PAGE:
New EPA Study: Two Most Widely-Used Pesticides Will Harm Nearly All Endangered Animals

The grizzly bear is one of the animals named in the EPA analysis.

The Most Widely Used Pesticides Will Harm Nearly All Animals Currently On The Endangered Species List

A recent study by the Environmental Protection Agency has revealed that the danger facing animals on the endangered species list from pesticides is much graver than previously thought.

The EPA analysis found that nearly all the 1,700 most endangered plants and animals in the United States are likely to be harmed by two common and ubiquitous pesticides, malathion and chlorpyrifos.

Malathion, which has been in use since 1956, is an insecticide commonly used to treat fruit, vegetables and plants for pests, as well as on pets to remove ticks. According to the new EPA study, it is likely to harm 97 percent of the 1,782 mammals, birds, fish, reptiles and plants listed under the Endangered Species Act.

The EPA study, the first to look at the possible effects common pesticides have on wildlife, also found that chlorpyrifos, another widely used pesticide is about an equal risk, to 97 percent of the animals and plants listed as endangered. It is used on mosquitoes, roundworms and termites.

Malathion, which is listed by the World Health Organization as “probably carcinogenic to humans,” is so ubiquitous across the US that the only animals not considered at risk are species that are already classified as extinct.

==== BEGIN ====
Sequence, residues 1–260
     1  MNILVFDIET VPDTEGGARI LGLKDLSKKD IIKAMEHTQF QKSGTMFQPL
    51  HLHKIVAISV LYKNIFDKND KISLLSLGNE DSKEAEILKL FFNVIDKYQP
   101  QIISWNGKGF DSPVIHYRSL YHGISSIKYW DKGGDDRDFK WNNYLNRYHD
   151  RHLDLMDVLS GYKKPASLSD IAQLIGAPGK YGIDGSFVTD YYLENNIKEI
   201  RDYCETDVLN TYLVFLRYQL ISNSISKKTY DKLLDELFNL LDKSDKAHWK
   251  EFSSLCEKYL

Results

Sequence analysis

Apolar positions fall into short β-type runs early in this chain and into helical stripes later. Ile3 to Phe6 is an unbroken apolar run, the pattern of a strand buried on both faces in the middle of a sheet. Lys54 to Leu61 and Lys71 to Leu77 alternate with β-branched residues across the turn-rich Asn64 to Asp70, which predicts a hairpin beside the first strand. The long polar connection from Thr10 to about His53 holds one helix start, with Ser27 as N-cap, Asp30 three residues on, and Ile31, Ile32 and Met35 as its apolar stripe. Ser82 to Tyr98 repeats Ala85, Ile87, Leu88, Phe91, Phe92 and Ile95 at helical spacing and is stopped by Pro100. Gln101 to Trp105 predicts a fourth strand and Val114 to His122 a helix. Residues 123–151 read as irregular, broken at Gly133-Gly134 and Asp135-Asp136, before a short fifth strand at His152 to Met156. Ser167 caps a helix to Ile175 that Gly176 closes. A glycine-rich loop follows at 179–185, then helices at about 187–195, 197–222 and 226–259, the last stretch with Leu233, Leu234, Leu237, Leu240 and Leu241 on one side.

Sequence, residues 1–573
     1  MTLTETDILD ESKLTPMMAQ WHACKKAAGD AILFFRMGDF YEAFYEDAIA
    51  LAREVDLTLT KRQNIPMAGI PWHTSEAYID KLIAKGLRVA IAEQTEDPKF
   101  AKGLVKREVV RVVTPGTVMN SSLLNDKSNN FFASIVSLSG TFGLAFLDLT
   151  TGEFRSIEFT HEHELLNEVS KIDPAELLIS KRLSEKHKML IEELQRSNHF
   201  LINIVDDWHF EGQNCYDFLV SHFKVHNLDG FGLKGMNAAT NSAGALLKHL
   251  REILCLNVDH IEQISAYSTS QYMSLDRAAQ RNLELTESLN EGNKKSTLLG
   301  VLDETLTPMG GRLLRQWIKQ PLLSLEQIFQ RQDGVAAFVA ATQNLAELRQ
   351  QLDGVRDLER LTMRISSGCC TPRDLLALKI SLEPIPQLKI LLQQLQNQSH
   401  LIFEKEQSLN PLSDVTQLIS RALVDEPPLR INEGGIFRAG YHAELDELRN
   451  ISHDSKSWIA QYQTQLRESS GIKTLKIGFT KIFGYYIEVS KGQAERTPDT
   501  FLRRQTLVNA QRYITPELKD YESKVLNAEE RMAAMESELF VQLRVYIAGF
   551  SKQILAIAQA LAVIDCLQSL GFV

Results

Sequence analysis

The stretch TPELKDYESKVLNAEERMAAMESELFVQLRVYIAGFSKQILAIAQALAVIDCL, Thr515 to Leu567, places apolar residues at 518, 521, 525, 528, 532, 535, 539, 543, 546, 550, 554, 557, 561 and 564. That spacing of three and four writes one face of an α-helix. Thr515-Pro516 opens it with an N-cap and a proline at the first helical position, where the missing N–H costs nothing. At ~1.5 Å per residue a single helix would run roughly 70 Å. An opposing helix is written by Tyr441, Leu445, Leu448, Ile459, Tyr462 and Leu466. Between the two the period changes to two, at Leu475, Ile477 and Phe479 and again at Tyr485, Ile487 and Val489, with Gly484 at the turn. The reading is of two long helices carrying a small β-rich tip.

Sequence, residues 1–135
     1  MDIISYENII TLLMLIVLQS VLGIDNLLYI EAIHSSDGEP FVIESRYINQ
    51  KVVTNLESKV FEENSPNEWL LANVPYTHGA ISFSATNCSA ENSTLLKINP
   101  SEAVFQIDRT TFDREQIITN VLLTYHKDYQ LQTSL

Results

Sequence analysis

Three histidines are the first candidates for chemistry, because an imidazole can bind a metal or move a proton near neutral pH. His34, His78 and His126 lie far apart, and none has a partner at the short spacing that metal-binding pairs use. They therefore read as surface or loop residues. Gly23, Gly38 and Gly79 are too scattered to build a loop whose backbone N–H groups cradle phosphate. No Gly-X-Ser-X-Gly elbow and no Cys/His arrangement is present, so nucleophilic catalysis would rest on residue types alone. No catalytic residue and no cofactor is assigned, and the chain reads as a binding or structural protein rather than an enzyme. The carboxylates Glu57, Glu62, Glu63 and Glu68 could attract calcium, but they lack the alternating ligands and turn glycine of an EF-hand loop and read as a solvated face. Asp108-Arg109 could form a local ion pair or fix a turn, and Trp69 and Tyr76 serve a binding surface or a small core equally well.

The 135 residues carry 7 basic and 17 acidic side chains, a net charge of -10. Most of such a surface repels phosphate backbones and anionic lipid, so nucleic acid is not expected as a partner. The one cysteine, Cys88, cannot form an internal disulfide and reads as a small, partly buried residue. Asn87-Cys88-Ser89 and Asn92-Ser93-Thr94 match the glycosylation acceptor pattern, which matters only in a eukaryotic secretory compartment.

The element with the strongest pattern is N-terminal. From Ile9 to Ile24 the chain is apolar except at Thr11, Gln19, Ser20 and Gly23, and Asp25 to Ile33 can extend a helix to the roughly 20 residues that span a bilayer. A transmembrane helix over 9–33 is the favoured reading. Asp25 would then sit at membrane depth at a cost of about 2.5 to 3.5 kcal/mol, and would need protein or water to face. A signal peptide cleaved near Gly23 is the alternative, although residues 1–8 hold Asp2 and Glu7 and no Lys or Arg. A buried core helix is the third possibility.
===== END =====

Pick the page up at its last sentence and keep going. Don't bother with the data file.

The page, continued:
While environmental activists hail the study on one hand, they also lament the fact that it was so long in coming.

“These dangerous pesticides have been used without proper analysis for decades,” said Lori Ann Burd of the Center for Biological Diversity. “And now’s the time to take this new information and create commonsense measures to protect plants, animals and people from these chemicals.”

Both environmental groups and farmers have long been seeking a better understanding of the impact of pesticides on animals and humans. The federal government’s reluctance to test them–especially with decades of mounting evidence that they can cause cognitive problems in children and the deaths of thousands of birds–has had many scratching their heads.

“The EPA has allowed chemical companies to register more than 16,000 pesticides without properly considering their impacts. That has to stop,” Burd said. “These evaluations are a huge step forward for the EPA. Now that we know the magnitude of danger these pesticides pose, it’s clear we need to take action.”

Here’s hoping that this latest report is just a first step toward tighter controls and more open analysis of the consequences of widespread pesticide use.


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